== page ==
April 21, 2006
Mass takes new meaning at Easter
By Geoff Mayfield
LOS ANGELES (Billboard) - As Rascal Flatts fends off a
challenge by Toby Keith on the Billboard 200, we find that more
than any Easter of this decade, the bunny trail is lined with
Wal-Mart and Target stores.
Although overall album sales are down 4 percent from Easter
week 2005, which ended March 27, mass merchants' Easter numbers
hop ahead this year, in raw sales (5.6 million, up 6.5 percent)
and market share (47 percent, compared with 43 percent last
Excluding Christmas shopping seasons, you have to go back
to February 2004 to find the last time big-box stores sold more
albums. In that ideal stanza when the Grammy Awards telecast
and the arrival of Norah Jones' anticipated "Feels Like Home"
coincided with Valentine's Day shopping, mass merchants rang
6.4 million units, 37 percent of the week's take.
The sector held 40 percent of albums sold in the Easter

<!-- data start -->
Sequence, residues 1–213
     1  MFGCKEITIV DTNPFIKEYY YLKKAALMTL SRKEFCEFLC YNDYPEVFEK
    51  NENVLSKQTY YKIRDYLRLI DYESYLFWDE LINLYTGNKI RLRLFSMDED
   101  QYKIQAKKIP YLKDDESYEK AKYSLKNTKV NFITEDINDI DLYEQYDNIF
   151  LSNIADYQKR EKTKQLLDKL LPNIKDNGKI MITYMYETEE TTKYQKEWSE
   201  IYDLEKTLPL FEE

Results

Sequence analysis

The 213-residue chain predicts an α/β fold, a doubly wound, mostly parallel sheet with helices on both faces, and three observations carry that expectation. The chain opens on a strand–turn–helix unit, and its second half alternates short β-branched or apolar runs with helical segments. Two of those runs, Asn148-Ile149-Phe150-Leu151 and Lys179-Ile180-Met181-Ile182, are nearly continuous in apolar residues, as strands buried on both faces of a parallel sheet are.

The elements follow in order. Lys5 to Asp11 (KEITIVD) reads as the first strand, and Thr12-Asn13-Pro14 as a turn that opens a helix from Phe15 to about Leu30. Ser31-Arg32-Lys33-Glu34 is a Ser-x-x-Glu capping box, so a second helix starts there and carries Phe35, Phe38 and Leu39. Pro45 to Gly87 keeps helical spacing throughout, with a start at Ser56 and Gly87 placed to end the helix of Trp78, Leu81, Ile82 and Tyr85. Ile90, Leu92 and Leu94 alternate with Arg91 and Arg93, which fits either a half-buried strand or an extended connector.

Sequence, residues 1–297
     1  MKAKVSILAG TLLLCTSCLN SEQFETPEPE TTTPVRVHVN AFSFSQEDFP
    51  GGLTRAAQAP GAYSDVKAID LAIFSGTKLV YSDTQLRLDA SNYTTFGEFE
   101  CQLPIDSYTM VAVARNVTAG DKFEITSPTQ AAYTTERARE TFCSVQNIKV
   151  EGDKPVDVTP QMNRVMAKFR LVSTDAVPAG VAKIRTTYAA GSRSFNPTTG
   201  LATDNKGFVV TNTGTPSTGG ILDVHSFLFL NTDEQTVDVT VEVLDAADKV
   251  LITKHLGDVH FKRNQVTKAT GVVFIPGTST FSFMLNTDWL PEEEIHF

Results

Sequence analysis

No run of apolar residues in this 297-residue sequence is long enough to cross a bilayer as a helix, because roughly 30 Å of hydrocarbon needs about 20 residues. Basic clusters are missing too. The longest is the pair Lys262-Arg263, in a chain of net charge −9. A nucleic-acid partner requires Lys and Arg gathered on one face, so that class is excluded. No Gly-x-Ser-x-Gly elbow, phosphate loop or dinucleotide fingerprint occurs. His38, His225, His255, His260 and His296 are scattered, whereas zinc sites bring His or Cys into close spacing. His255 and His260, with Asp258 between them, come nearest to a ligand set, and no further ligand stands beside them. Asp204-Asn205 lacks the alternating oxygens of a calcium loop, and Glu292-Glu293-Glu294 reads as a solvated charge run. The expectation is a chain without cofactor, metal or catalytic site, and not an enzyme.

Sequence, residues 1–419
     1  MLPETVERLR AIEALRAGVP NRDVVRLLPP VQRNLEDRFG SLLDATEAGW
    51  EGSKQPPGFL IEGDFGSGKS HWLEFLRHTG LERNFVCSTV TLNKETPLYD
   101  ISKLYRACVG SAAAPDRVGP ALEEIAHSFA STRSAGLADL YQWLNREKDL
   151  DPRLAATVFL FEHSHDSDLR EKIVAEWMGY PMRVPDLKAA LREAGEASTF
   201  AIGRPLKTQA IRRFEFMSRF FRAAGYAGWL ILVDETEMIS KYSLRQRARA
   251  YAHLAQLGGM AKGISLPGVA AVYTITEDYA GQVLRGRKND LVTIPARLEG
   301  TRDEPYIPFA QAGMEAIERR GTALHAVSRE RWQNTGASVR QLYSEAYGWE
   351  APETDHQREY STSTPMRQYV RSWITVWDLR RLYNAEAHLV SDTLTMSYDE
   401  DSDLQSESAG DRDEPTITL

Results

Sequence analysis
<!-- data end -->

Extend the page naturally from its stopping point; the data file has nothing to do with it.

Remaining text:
weeks of 2004 and 2003, 38 percent for that holiday period in
2002 and 32 percent in the Easters of 2001 and 2000.
This year, Easter traffic helps Rascal Flatts' "Me and My
Gang" soften the severe second-week erosion that usually
follows a blockbuster opener (345,000 copies, down 52 percent).
The holiday also builds a faster start for Keith's "White Trash
With Money" -- 330,000 copies -- than the 283,000 he clocked
when his last album, "Honkytonk University," arrived in May
Those two sets, and the next two on the Billboard 200 --
""Now 21" (293,000, down 12 percent) and the "High School
Musical" soundtrack (256,000, up 41 percent) further illustrate
mass merchants' enhanced Easter clout. The sector accounts for
at least 79 percent of current sales in each of the top four
This also marks the first time since Billboard began using
SoundScan data in May 1991 that a country album has been No. 1
during Easter week.
Easter's nomadic nature on the calendar plays havoc with
same-week sales comparisons. The spike over the comparative
2005 week, for example, puts Easter 2006 against a non-holiday
More important, Peter Cottontail's arrival helps fill the
hole that was dug in the week ending March 26, which stood
against last year's Easter romp. In that frame, the
year-to-date gap in album sales grew from 2.9 percent to 3.8
With this year's Easter in the bank, the gap narrows to 0.8
percent. Considering there have been only four weeks in 2006
when album sales have beaten those of the same 2005 frames, the
tiny gap feels like a win.